New Program Would Restrict New York Prisoners' Access to All But the Dumbest Books


New York State has launched a new “program” that would severely limit one of the few earthly pleasures permitted to prisoners during their time behind bars: Books.

Directive 4911A, which is being piloted at three prisons around the state, limits the items available to inmates to just six vendors, ostensibly to “enhance the safety and security of correctional facilities through a more controlled inmate package program,” the Department of Corrections and Community Supervisions claims.

But the reality of the program is entirely different, curtailing prisoners’ reading options to a small field of mostly garbage. According to ThinkProgress:

The first five vendors combined offered just five romance novels, 14 religious texts, 24 drawing or coloring books, 21 puzzle books, 11 how-to books, one dictionary, and one thesaurus. Last week, the state appeared to add a sixth vendor, but the full catalog doesn’t appear to be available to people in prison in the state, and the governor’s office did not respond to questions about the addition.

The move immediately raised the hackles of advocacy groups, who are appalled by the suggestion that limiting prisoners’ access to both the educational benefits and nominal freedom that books provide could be construed as a good thing. NYC Books Through bars, a collective that sends books to prisons in 40 states, expressed its disgust in a statement to Buzzfeed:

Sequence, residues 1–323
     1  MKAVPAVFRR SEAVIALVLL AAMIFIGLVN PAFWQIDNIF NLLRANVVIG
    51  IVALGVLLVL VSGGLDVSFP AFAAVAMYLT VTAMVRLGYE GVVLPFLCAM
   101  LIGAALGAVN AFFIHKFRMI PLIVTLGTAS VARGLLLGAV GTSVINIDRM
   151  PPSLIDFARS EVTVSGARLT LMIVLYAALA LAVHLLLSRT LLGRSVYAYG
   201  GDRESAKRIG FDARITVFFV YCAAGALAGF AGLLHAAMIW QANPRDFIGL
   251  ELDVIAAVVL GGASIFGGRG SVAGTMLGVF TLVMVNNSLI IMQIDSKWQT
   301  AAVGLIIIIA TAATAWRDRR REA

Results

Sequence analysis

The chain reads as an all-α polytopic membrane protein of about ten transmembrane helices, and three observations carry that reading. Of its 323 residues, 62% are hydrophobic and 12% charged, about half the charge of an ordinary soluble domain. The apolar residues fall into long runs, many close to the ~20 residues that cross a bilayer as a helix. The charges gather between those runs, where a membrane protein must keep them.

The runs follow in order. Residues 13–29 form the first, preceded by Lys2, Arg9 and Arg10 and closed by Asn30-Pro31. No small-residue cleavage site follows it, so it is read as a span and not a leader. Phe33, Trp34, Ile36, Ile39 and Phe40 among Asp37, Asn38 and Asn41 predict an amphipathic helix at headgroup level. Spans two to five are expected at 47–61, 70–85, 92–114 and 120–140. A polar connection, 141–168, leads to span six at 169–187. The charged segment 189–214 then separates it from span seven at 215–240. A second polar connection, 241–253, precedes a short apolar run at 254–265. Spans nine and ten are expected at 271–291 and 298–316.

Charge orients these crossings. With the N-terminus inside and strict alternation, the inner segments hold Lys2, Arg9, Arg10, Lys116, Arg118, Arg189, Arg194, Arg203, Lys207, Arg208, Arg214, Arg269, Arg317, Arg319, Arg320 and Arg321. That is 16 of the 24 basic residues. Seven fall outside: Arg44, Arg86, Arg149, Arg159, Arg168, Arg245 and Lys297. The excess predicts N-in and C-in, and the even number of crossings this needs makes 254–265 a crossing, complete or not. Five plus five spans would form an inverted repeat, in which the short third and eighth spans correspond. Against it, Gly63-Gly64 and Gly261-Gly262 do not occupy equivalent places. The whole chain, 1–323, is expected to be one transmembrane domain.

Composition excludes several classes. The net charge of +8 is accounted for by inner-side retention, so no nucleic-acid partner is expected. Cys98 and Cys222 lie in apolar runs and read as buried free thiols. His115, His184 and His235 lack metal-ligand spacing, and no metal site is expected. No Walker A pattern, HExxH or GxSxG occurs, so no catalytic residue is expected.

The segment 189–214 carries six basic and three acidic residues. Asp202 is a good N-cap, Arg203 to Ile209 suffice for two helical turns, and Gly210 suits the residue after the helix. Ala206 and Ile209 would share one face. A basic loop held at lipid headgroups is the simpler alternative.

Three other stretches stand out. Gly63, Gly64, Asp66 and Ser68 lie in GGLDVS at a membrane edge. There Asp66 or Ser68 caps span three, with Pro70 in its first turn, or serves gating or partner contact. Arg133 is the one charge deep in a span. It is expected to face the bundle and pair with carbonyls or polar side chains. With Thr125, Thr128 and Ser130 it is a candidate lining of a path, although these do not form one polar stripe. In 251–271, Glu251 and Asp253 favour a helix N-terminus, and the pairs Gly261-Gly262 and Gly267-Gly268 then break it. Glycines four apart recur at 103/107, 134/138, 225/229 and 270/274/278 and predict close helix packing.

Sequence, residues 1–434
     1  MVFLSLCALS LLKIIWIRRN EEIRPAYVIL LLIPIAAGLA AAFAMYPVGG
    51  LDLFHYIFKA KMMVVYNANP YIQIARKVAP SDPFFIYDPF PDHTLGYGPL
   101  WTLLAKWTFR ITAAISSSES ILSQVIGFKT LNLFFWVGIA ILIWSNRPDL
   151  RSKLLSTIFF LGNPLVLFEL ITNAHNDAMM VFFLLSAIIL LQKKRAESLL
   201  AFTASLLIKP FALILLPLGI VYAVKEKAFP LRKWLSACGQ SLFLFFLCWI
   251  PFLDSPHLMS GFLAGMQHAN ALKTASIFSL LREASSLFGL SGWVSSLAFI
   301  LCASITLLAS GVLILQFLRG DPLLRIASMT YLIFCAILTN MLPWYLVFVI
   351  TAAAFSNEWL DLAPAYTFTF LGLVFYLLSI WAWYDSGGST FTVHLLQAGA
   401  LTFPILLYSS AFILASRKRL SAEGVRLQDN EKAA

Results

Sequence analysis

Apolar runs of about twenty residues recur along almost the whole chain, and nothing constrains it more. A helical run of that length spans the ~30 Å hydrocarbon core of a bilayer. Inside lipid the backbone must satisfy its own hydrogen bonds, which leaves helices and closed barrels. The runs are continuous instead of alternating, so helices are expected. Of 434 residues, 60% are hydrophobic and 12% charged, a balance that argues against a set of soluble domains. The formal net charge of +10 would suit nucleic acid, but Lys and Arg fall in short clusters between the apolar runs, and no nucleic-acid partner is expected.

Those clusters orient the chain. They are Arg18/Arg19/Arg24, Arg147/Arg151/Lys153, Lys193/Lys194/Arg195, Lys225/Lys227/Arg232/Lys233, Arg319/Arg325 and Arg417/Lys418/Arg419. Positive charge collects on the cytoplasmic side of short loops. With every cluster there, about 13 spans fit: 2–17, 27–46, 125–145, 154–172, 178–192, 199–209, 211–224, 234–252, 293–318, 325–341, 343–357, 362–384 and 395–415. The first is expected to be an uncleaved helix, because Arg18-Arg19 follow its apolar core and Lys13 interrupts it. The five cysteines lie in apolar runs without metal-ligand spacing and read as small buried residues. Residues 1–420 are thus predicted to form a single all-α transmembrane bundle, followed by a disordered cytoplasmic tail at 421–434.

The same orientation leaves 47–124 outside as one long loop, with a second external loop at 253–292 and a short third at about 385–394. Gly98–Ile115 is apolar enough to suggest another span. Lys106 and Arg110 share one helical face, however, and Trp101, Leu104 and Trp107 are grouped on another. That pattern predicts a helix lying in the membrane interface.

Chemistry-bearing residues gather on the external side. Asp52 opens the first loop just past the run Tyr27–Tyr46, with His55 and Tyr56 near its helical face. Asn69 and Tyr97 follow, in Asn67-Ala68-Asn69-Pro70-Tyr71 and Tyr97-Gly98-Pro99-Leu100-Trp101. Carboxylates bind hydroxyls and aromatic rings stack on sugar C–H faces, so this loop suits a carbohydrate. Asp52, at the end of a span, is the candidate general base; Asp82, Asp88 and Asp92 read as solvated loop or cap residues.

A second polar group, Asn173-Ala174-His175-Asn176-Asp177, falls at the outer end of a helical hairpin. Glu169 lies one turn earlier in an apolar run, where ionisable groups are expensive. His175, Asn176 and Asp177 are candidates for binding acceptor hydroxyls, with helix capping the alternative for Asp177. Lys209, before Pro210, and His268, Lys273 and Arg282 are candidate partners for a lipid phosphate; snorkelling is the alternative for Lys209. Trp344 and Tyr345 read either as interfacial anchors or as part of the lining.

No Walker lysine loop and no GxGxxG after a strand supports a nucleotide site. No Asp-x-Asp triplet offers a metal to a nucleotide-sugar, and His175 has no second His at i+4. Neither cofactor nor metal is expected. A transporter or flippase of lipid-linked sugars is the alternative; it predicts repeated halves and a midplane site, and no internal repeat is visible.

“No books that help people learn to overcome addictions or learn how to improve as parents. No Jane Austen, Ernest Hemingway, Maya Angelou, or other literature that helps people connect with what it means to be human,” the statement said. “No texts that help provide skills essential to finding and maintaining work after release from prison. No books about health, about history, about almost anything inside or outside the prison walls. This draconian restriction closes off so much of the world to thousands of people.”

In addition to books, the directive would also place limits on just about any type of package inmates are able to receive, including fresh produce and gifts from visitors. The Department of Corrections did not respond to either ThinkProgress nor Buzzfeed’s requests for comment.

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